If I’ve learned one thing about myself in the last year, it’s that I like to do a lot of processing before responding to situations. A lot has changed in my life in the last 3 months and that’s why I think I’ve struggled to write anything here. Or at least that’s my excuse.

I enjoy sharing my thoughts with whoever wants to read them and I finally feel settled enough in my life again to write something that’s not just me saying how I have no idea what’s going on right now, which basically is all I would have said a couple of months ago. Now, I feel safe in the knowledge that I know where I’ll be and what I’ll be doing for the next 5 months or so.

Many of you will be aware that at the beginning of September I moved back to New Zealand with Sean in tow. Much to many people’s surprise, we left our jobs without lining anything up on the other side. It was scary and difficult at times but I think it’s safe to say that everything worked out for us as we have landed a bit of a dream job. I will talk more about that another time but today I am going to share with you the saga of our belongings.

My advice to anyone who is moving is to not take ANYTHING with you that you don’t love, is easily replaceable or something that you can live without. For starters, shipping stuff is expensive. There’s the shipping companies fees and then there are import fees and customs tax. It cost us around £600 pounds in total to ship 7 medium-large boxes from the UK to NZ.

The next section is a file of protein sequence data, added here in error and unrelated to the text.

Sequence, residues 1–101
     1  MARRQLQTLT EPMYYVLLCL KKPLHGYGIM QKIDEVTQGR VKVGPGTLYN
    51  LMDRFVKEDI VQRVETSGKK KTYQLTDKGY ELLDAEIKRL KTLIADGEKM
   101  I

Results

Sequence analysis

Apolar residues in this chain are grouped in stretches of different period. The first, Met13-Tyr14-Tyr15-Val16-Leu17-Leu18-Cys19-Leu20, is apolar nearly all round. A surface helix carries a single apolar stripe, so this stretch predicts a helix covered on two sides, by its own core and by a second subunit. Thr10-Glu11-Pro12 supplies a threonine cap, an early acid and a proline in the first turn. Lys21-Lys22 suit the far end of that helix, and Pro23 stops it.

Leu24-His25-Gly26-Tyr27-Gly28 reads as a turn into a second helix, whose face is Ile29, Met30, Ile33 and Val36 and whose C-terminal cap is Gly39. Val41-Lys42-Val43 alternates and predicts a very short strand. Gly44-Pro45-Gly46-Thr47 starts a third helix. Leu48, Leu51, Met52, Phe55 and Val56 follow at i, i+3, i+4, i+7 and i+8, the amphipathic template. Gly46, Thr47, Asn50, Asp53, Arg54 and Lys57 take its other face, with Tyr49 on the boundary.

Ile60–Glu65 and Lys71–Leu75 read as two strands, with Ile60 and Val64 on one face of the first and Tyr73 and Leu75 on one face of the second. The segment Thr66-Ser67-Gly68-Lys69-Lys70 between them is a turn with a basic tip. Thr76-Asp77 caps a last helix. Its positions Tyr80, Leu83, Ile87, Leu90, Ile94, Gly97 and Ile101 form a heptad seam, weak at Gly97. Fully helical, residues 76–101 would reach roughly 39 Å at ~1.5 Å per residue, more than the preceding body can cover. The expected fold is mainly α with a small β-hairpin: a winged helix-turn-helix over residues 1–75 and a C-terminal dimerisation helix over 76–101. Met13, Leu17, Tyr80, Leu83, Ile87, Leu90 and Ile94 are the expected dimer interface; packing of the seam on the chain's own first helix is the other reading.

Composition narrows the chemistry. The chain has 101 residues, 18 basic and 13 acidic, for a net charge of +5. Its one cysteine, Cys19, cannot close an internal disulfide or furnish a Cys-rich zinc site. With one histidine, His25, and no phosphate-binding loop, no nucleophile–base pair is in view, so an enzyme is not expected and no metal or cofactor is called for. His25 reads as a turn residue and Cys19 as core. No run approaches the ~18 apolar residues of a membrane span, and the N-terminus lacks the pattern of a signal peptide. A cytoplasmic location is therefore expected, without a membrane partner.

I had thought that we had done a pretty good job of only packing things that were either really useful or things that would be very expensive to replace in NZ. A lot of it was outdoor clothing and camping gear so when we found out we had been offered an outdoor-based job we were pretty keen for our things to arrive before we started. It initially looked like there was a good chance of that happening but that was based on my calculations and not the shipping company’s. We were given the option of starting work a few days late in the hope our boxes would arrive but we decided against it because you know, money and stuff. We redirected our things to my Aunt and Uncle’s garage in Auckland where we would be able to access it pretty easily when it did decide to arrive.

About a week after we started work we heard that our boxes had finally made it but we weren’t that excited which probably should have been my first clue. A few weeks later we arranged to go and pick everything up and bring it over to the island. I was expecting to be reunited with clothes that I had missed and things to play with. What actually ended up happening was us unpacking repacking most things and putting them in the spare room. I put some bits of clothing in my dresser and wardrobe but rather than feeling excited about having more options, I instead felt a bit stressed. I hadn’t been struggling to find something to wear every day and I didn’t like seeing my space start to fill up.

It’s amazing how detached you become from your possessions when you just don’t look at them for a while. There are no charity shops where we are so instead of donating everything in one go which is sort of what I felt like doing, I am going to give it a bit of time. After a month or so, anything that is in season but hasn’t been worn is going to go. I’m also going to pay attention to what was left in the boxes that I didn’t feel any need to go looking for.

Anyone who is also feeling overwhelmed by their possessions, I highly recommend trying The Minimalists packing challenge. Put everything you think you’re not using or wearing away in some boxes out of sight. If after say, three months you haven’t unpacked that item then it’s probably safe to sell or donate. Your things should make your life easier or make you feel good and should not be a source of stress. Just remember to dispose of things responsibly and try to think if there is anyone you know that could give that item a second life. Christmas is coming after all, why not make it the season of re-gifting!